When your application is approved, the embassy will issue a visa for the purpose of collecting your employee card (D/VR). Before the visa is issued, you will be asked to submit a travel health insurance valid for the period from the date of entry into the CR to the date on which you are to start working. You will automatically join the public health insurance system on the day you start working.
After the arrival to the CR, you have to visit the MOI office within 3 working days and pick up your employee card.
Brno Expat Centre provides a general overview and explains how to apply for an Employee card. You can find out more about the process in the guide Residence Permits.
For a fee, BEC can arrange for a professional support from an attorney guiding you through the process and fetching all necessary documents.
How to get to Brno?The easiest way is to take a plane to Vienna and then hop on a train or a bus right at the airport. From there, you can get directly to Brno in less than two hours.
Costs of living in #BrnoRegion
See more comparison at Numbeo.com
See real-life examples of cost of living in #brnoregion
SarikaAs a Ph.D. student in the Life Science program at CEITEC, Sarika has a guaranteed scholarship for four years of 890 euros per month, and because of her good study results, the monthly amount is increased by 40 euros yearly. She has her own room in a three-bedroom apartment in the city centre shared with 2 other students and pays 400 euros monthly for it. She says she probably wouldn’t be able to live on the scholarship alone so she also works part-time as a laboratory technician and applies for various European grants for her research funding.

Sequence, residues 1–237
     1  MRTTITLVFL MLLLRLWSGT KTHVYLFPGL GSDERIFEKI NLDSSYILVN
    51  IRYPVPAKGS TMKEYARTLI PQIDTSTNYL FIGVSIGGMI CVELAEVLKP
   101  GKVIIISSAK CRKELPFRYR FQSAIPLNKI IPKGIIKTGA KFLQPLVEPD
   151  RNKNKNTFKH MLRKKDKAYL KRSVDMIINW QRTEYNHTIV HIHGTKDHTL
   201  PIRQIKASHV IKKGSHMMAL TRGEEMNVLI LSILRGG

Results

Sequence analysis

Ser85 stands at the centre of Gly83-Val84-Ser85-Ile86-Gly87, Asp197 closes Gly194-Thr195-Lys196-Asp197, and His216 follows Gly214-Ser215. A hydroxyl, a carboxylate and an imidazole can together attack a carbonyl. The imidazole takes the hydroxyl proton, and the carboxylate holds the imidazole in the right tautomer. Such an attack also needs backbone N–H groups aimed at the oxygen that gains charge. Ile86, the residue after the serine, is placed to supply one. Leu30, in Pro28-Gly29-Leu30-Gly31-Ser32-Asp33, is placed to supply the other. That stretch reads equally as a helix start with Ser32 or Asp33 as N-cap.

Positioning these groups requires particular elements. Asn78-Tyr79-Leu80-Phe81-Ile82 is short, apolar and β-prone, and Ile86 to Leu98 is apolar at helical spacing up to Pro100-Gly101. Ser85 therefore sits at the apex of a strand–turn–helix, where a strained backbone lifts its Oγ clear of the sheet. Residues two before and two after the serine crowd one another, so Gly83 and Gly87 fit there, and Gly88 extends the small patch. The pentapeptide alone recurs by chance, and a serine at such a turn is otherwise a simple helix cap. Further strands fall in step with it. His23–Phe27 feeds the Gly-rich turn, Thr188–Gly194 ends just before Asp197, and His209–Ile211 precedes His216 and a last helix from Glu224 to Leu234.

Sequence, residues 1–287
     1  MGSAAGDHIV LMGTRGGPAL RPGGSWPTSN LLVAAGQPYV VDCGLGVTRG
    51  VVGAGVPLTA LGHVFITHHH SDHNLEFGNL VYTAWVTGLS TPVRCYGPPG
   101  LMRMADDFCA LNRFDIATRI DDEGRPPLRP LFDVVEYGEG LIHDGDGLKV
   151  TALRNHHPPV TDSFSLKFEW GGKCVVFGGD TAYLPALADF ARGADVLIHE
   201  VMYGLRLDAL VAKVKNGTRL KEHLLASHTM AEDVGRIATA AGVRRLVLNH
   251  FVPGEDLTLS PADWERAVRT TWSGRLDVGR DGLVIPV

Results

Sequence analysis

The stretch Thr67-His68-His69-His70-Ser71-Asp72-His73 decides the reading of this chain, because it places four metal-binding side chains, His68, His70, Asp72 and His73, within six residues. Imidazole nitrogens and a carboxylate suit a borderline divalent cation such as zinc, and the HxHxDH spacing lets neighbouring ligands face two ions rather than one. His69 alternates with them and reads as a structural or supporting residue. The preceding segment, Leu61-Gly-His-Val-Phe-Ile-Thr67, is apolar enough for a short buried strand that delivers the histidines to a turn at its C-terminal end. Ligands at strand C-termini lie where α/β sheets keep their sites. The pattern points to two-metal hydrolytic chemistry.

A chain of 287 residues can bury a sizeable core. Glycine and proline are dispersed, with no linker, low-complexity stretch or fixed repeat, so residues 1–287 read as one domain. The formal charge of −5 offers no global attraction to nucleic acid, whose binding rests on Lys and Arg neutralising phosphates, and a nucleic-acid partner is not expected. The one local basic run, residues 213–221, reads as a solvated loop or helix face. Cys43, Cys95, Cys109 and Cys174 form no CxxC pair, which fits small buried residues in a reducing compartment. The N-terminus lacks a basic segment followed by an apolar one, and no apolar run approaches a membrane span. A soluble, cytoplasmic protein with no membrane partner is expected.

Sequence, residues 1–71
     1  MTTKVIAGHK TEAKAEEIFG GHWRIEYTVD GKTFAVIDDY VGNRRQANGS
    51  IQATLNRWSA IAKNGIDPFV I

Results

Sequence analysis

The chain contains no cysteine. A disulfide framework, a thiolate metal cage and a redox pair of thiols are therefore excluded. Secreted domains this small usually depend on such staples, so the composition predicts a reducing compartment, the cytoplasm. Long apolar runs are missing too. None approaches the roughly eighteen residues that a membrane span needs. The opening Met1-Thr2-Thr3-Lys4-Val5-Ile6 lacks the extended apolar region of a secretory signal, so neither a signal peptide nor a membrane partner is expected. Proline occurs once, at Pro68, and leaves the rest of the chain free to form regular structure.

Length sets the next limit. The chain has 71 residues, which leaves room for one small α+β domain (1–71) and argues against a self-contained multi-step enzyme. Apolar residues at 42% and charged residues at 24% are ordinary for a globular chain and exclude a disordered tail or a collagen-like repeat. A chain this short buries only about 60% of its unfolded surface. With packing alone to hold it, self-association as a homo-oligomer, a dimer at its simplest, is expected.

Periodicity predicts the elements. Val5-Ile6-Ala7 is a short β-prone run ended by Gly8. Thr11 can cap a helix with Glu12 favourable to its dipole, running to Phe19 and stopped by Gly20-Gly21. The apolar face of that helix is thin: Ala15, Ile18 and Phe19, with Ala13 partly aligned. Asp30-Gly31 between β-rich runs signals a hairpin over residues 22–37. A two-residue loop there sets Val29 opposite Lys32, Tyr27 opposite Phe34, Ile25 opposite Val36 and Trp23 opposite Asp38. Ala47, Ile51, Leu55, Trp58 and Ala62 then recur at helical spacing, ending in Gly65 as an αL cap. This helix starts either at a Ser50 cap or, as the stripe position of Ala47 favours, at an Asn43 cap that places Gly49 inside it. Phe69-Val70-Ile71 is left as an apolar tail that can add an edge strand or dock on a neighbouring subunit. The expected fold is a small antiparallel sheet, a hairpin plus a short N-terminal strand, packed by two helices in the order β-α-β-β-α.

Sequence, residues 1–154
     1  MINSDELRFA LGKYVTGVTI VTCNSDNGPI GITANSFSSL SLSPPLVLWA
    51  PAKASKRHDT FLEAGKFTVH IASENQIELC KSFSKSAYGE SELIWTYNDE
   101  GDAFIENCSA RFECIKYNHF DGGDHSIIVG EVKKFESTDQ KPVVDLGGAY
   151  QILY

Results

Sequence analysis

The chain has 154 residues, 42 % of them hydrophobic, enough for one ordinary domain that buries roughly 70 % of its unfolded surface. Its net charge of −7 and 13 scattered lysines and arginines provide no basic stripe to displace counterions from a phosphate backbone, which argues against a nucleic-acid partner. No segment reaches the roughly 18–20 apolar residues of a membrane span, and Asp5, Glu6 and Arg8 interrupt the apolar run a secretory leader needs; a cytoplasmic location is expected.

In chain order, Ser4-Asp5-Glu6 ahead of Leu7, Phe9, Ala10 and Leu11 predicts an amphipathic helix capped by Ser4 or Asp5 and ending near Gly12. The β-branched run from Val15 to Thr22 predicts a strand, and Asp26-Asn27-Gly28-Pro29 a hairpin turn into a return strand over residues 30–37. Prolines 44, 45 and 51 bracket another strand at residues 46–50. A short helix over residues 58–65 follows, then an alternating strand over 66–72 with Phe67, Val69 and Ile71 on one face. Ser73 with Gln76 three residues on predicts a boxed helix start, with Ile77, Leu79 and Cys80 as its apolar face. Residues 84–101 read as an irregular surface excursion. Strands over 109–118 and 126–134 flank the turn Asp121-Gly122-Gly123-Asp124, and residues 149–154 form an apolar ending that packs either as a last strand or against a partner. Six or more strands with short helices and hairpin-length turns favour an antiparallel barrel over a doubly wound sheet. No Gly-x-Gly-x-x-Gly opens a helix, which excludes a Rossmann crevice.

LukeLuke is a British businessman who runs a start-up in Brno. He lives in the city center and flies to London every 2–3 weeks from the Brno airport. As a very busy person, Luke appreciates the time saved on transportation between the airport and the center, as it only takes around 20 minutes compared to 1.5 hours in London. He reports that he usually pays about 46 euros for a return plane ticket. Luke chose to rent a spacious apartment right in the city center of Brno, costing him 1000 euros a month. With no time for hobbies, one of Luke’s few pastimes is going for a drink, and he spends about 9 euros weekly on a few beers.
Important contactsThese organisations will help you get yourself orientated in #brnoregion smoothly.
Brno Expat CentreBrno Expat Centre is a free public service supported by the City of Brno, dedicated to helping foreign professionals. Their mission is to help you make Brno your new home.
Smart Migration Mobile app (Android)The app provides the most important information about visas and other types of stay in the Czech Republic, employment, social security, education, health, and more.
Immigration Portal of the Czech RepublicNavigate the process of entering the Czech Republic via the official Immigration Portal run by the Ministry of the Interior of the Czech Republic.
Centre for Foreigners of the South Moravian regionThe Centre helps foreigners with integration into Czech society. They offer free language courses, legal and social consultations, sociocultural lectures, and multicultural activities.